Call me crazy, but marriage should not be a publicity stunt, nor a tick-box on a life experience checklist.
Marriage is not a tick on a checklist of our lives
I'm feeling cheesed off with the sisterhood this week. I know we're not supposed to get "catty" about other women, but this week, I just need to get it off my chest.
Of course, you'll immediately know that I'm talking about the American reality TV star Kim Kardashian. Of course you've heard of her. You know, famous for, er, well, being famous and doing publicity-generating things to make her more famous. She filed for divorce only 72 days after getting married.
This wasn't any kind of arranged marriage, selected by third parties, introduced on the wedding night and subsequently found unsuitable. No, Kardashian had been dating him for almost a year before they tied the knot. So there weren't any surprises waiting to leap out at her. What did she discover in the handful of days after the nuptials that she didn't know before? It all seems a little fast to have broken it off, given that she knew him beforehand. The acres of media coverage certainly bear out rumours that it was just all a fabulous publicity stunt.
From one extreme of marriage to the other. This time it's the Obedient Wives Club that is back in the news trying to keep marriages going longer by getting wives to be more submissive as well as offer up more sex. They have just opened a London chapter of their controversial organisation, which was set up in Malaysia earlier this year.
I've hung back from writing about them before, thinking - nay, hoping - that they would just fade away into a quick, forgettable obscurity, a bit like Kardashian's marriage. But oh no, it's on the rise. The club says that it wants to put an end to social problems such as prostitution and gambling by showing Muslim wives how to be submissive and keep their spouses happy in the bedroom. If he is straying, indulging in naughty activities, or just not doing his bit in the marriage, the solution according to the Obedient Wives is to engage in more bedroom antics.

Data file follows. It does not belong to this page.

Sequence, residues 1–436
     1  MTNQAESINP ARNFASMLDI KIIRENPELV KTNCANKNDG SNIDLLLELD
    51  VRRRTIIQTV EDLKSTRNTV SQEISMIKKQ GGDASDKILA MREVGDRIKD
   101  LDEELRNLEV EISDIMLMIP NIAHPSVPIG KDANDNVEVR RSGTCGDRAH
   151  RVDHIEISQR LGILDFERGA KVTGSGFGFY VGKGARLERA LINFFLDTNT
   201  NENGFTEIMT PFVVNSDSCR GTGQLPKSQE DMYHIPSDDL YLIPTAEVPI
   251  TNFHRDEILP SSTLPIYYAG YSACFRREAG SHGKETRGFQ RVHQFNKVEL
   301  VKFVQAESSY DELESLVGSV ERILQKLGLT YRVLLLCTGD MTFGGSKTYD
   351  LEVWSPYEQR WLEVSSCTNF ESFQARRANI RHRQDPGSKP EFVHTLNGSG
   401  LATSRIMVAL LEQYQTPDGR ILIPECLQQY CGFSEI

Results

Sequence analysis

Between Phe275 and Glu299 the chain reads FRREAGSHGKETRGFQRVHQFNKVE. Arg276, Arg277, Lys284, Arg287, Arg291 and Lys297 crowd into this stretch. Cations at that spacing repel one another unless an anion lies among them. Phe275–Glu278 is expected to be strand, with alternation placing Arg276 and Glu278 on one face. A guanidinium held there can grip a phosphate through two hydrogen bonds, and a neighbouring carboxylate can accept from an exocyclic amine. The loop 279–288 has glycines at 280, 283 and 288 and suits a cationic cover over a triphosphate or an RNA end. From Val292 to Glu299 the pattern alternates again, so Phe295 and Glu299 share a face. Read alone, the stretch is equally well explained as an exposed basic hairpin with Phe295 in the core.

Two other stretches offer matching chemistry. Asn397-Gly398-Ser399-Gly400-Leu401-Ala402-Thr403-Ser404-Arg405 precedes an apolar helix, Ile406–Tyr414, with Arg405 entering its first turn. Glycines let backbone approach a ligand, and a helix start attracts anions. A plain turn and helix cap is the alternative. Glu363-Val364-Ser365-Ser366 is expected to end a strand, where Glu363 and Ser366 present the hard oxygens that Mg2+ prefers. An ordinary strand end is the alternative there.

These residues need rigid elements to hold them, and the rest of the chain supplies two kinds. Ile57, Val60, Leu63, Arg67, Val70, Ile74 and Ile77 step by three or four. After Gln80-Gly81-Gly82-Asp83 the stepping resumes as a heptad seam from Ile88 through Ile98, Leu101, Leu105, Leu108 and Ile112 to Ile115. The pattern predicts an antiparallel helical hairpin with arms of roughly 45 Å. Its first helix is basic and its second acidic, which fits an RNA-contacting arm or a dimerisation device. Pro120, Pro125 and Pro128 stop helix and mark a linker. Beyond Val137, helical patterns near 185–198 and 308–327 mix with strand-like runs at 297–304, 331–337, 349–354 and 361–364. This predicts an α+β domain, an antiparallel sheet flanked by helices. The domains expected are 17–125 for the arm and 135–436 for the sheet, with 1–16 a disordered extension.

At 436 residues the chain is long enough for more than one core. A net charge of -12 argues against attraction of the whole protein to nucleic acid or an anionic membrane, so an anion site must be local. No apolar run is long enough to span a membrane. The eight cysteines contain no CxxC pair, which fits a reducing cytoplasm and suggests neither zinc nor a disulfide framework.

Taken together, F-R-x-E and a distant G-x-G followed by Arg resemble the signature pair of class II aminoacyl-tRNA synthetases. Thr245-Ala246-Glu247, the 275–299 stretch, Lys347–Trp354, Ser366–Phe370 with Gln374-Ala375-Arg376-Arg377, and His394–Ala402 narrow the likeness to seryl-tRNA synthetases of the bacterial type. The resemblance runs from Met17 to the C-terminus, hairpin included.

Now, we're all adults here and there is no need to be prudish. The bedroom is a great place to strengthen a marriage, and there's no harm in encouraging partners to be more sensitive towards each other. But if a man is out there indulging in some extramarital hanky-panky, or spending some bucks at a local gambling den, then it's not the wife's fault - it's his.
Last week the club published a manual to be given to wives on Islamic sex. It was banned by the government in Malaysia who said it could cause confusion among readers about what is acceptable.
The club says it will share the book internally within members. Since this is aimed at women, I wonder if there is a similar one for men? Or better still, I'd like to see the husbands given manuals on cooking and housekeeping. Otherwise you will find us lay-deez will be out on the town, because our husbands are not looking after us properly. We'll give you more than 72 days to prove yourselves though.
Call me crazy, but marriage should not be a publicity stunt, nor a tick-box on a life experience checklist. It does not work well in short bursts, but only after long-term investment. It does not work when you think the other person's lack of involvement is your fault.
Sadly, this week women from East and West have both spectacularly diminished marriage by reducing it to just sex and money. How disappointing. Message to the sisterhood: must do better.
Shelina Zahra Janmohamed is the author of Love in a Headscarf and writes a blog at www.spirit21.co.uk